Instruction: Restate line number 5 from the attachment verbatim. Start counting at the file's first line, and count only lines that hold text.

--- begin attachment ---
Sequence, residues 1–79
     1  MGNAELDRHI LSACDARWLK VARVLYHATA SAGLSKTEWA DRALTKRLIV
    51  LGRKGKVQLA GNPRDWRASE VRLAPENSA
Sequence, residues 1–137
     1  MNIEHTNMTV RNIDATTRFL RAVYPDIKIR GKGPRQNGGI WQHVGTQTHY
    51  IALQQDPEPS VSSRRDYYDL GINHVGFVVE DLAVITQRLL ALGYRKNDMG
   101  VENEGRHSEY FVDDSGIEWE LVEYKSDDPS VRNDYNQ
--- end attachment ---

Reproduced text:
     1  MNIEHTNMTV RNIDATTRFL RAVYPDIKIR GKGPRQNGGI WQHVGTQTHY